The greatest benefit to employees currently available in Israel is called the keren hishtalmut (advanced training or sabbatical) fund. It originates from the Jewish tradition of shemittah, allowing the land to lay fallow in the seventh year. Keren hishtalmut contributions are made for six years and then, from the beginning of the seventh year onwards, the money accumulated in the fund is available tax-free to the employee (for contributions made on salaries less than NIS 15,700 bruto monthly). Maximum contributions to a keren hishtalmut are 7.5% of the bruto salary from the employer and 2.5% from the employee. This is 10% of one’s salary, prior to paying any taxes, contributed monthly, and invested over the life of the fund. It can be taken out tax-free in Israel after the sixth year, or can remain in the fund and continue to accrue gains that are tax-free in Israel for as long as you keep your account open. Once funds are taken out of the account, no new contributions can be made (new payments will need to be contributed to a new keren hishtalmut), but money in the account can continue to be invested, and all gains are tax-free.
|Keren pensiah||Bituach menahalim|
|Life insurance||Paid as a pension to survivors – a minimum amount is required||Purchased independently in the policy - no minimum required|
|Legal structure||Collective agreement||Personal contract|
|Cost||Lower management fees||Higher management fees|
|Disability||Limited definition of disability||More inclusive definition of disability|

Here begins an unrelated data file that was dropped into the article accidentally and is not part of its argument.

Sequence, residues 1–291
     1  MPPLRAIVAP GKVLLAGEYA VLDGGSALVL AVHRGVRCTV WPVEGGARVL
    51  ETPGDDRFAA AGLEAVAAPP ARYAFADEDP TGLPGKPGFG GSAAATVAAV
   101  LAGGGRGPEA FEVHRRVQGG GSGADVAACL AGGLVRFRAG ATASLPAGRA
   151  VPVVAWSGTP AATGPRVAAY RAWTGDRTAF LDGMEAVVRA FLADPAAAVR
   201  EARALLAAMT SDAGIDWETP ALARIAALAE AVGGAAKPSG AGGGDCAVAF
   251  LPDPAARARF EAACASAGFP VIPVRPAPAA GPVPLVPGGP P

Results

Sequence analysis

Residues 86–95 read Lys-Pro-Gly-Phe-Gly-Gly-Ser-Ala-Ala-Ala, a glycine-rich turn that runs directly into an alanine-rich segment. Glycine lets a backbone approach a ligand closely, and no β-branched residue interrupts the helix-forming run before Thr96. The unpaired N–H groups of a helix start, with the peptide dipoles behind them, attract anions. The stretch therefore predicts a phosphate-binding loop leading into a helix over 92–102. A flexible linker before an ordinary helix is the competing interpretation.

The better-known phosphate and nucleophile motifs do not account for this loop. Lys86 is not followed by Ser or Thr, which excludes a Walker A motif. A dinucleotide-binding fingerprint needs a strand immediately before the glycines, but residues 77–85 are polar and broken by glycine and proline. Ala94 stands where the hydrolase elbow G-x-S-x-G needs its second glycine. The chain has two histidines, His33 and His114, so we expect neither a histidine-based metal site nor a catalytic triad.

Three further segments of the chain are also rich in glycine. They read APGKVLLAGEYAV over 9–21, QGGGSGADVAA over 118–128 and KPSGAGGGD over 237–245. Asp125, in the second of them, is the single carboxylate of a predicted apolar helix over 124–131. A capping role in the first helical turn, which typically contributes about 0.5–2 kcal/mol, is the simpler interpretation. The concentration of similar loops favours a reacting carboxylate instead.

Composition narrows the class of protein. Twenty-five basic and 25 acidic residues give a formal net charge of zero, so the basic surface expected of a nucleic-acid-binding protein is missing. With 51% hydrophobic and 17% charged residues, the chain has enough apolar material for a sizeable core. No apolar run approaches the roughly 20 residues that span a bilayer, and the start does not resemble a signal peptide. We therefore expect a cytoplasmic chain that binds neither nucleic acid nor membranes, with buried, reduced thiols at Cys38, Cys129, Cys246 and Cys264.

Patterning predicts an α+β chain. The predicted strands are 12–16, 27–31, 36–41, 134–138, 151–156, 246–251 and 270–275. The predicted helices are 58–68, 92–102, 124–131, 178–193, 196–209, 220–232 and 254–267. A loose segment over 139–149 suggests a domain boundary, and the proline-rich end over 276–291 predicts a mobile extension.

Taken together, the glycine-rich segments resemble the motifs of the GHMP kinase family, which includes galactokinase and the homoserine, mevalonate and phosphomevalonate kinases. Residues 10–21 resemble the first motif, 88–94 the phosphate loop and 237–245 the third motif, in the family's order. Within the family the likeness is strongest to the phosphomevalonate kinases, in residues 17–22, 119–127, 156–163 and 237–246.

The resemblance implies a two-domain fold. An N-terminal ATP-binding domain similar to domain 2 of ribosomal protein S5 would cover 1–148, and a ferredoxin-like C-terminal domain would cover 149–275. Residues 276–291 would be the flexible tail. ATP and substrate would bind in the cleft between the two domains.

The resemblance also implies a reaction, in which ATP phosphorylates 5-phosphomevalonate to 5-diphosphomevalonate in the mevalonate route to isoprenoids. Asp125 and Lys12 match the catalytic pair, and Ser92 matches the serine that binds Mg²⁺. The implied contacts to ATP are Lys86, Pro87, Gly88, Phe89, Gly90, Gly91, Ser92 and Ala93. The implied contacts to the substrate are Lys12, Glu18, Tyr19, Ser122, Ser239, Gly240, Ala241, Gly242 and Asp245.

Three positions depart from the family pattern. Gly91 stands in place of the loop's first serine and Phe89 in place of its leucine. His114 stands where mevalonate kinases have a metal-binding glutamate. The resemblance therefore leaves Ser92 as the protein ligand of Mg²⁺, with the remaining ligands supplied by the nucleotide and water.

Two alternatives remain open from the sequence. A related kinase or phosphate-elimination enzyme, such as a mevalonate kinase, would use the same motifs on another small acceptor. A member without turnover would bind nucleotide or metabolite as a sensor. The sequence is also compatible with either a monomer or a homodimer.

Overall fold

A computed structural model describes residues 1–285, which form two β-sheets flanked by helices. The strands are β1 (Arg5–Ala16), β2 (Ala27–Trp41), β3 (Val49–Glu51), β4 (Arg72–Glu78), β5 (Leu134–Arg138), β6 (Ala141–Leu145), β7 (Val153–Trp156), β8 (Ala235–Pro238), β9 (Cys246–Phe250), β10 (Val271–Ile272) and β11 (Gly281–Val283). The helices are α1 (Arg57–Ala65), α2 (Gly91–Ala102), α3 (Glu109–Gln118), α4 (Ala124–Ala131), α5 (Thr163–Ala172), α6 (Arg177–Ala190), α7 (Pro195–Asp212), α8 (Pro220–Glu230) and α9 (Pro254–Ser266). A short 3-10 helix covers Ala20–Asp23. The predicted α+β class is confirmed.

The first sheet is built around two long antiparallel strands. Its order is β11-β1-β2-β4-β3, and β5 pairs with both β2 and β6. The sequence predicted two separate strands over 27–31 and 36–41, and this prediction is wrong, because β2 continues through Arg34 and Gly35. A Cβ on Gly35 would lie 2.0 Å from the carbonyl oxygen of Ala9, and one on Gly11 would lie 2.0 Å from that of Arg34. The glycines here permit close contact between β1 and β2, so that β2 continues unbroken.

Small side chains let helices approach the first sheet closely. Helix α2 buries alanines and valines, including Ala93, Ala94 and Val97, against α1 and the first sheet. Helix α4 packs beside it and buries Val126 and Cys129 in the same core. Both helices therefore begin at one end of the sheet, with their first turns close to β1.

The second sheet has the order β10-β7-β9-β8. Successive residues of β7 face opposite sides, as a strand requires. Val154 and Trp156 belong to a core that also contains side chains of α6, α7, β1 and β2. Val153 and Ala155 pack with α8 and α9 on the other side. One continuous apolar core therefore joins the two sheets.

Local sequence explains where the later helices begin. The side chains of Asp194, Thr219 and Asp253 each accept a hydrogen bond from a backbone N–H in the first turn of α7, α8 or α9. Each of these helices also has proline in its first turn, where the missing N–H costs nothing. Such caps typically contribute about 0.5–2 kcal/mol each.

|Pension||Guaranteed minimum pension amount from day 1||Pension based on savings – no guaranteed minimum pension|
|Payout after death||To survivors (spouse, children and parents)||To beneficiaries (can be anyone chosen by the policy owner)|
|Investment||With flexibility to change||With flexibility to change|
The tax-free nature of these accounts and their investing options and flexibility makes them the best investment and savings plan available in Israel. These funds should be the last savings plan accessed if you need cash flow, as their tax-free nature is a tremendous advantage vis-à-vis standard investment accounts. Depending on your home country’s tax regime, keren hishtalmut funds may be taxable abroad. There are differences of opinion among US tax professionals as to how to report keren hishtalmut funds, so check with your accountant or tax professional to ensure you are reporting them correctly.
Familiarize yourself with the extras in a salary package. When negotiating your salary, be aware of the many benefits that are often added to the base salary and those payments that are being made into savings plans for your long-term benefit. These sums substantially increase your income.
Research the two pension plan options — keren pensiah and bituach menahalim — by speaking with an insurance agent and/or a financial planner to ascertain which will be more to your benefit before signing on the dotted line.
Self-employed workers: research the options for structuring your income and consult as necessary with your accountant to choose the structure that works best for you.